Tuesday, February 26, 2019

Thoughts on naming conventions and lock numbering…

I went for a stroll around the junction of the three canals here at the head of the Erewash Canal this morning.
It struck me that the lock numbering was a bit odd; this final lock, Langley Mill Lock, is Lock 14. However there are 14 others coming up from Trent Lock… Then it occurred to me that the penultimate lock we came up yesterday was Lock 73. Eastwood Lock.
Hmm… further investigation required.

Looking at the junction from the road bridge crossing.
Langley Mill Lock is in the foreground, straight ahead runs the Cromford Canal and to the right, passing under a swing bridge, is the Nottingham Canal.

A little bit of mooching through maps shows that the Erewash Canal lock numbering is a continuation of that of the Leicester Line. Watford Bottom Lock is Lock 1. So I guess these locks must have been renumbered following the absorption into the Grand Union Canal network in the 1930s. That sorts that out.
And the reason that Langley Mill Lock is number 14 is that it’s not actually on the Erewash, it’s the bottom lock of the 14 fetching the Cromford Canal down from Cromford near Matlock.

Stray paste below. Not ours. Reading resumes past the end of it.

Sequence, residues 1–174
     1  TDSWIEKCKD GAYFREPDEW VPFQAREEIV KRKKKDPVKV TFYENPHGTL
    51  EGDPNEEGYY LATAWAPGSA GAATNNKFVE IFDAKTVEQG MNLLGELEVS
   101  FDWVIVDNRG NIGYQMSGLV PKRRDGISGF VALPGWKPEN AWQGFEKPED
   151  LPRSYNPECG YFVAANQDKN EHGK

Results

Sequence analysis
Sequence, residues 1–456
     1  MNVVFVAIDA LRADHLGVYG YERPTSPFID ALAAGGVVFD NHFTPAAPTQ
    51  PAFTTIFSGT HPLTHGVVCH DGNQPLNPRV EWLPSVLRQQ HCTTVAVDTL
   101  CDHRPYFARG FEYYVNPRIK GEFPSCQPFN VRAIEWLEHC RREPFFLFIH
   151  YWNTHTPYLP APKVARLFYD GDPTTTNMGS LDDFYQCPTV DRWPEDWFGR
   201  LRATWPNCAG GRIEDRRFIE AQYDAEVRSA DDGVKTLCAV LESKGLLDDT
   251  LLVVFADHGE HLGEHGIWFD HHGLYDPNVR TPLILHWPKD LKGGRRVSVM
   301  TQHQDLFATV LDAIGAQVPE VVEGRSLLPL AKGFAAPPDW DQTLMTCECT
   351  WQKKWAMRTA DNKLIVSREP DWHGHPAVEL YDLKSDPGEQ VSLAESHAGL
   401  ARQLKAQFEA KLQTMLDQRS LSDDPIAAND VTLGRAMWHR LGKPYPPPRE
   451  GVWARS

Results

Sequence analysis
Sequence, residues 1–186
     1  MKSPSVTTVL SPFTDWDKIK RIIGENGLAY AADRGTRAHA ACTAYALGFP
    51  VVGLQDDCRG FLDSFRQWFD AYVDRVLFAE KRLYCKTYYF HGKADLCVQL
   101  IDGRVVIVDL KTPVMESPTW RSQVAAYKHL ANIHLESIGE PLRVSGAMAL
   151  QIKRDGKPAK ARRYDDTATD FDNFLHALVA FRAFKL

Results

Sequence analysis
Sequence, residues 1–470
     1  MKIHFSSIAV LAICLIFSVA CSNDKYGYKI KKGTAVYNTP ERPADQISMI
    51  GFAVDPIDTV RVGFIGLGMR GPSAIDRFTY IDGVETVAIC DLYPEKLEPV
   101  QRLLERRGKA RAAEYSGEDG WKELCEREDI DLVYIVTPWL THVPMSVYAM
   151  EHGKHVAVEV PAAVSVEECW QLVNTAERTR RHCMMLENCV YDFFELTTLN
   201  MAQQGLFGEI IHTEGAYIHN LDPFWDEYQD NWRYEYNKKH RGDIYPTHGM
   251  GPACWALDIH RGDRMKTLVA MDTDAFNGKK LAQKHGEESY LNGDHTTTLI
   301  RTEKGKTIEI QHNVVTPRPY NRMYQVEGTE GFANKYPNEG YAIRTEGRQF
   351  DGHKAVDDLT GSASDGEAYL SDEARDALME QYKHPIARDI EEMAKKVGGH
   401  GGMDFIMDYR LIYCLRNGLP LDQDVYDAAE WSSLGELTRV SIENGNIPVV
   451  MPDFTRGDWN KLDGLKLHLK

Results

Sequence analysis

Up until the construction of the Cromford, the Erewash finished below the road bridge, in a complex of wharfs off to the left of the existing line. These are now filled in and lost beneath a road junction and Lidl’s carpark.

The Nottingham Canal was opened in 1796, joining the Cromford which opened two years earlier. A stop lock was constructed, with a toll house alongside to control traffic to and from the new navigation. It ran from here to the Trent at Meadow Lane Lock. The company intended to construct a branch to the river above Trent Bridge at Beeston, but this was later built by the Trent Navigation Company. The navigation made money, not spectacularly but steadily until the middle of the 19th century when railway competition forced the canal company to cut their losses, selling to the Amber, Nottingham, Boston and Eastern Junction Railway Company. This later became part of the Great Northern Railway, hence the name of the basin and the pub at the north end of the canal.

Looking down on the Great Northern Basin from the road bridge.
The canal has been filled on the other side of the road, the route now forming a footpath.

Walking back “uphill” past the lock, the footpath follows the Cromford for about a quarter mile, before ending abruptly at a dam. This short navigable stub is used for moorings and is the base for Langley Mill Boatyard.

Beyond the dam restoration work is underway, with the ultimate goal of reopening the canal sometime in the future.

There’s a lot more information on the Erewash Canal Preservation and Development Association website here… The Cromford Canal restoration society’s website is here.

We’re going to reverse to the boatyard in the morning for coal and diesel, top up the water tank then set off back down to the Trent. Taking our time as usual.

Locks 0, miles 0   

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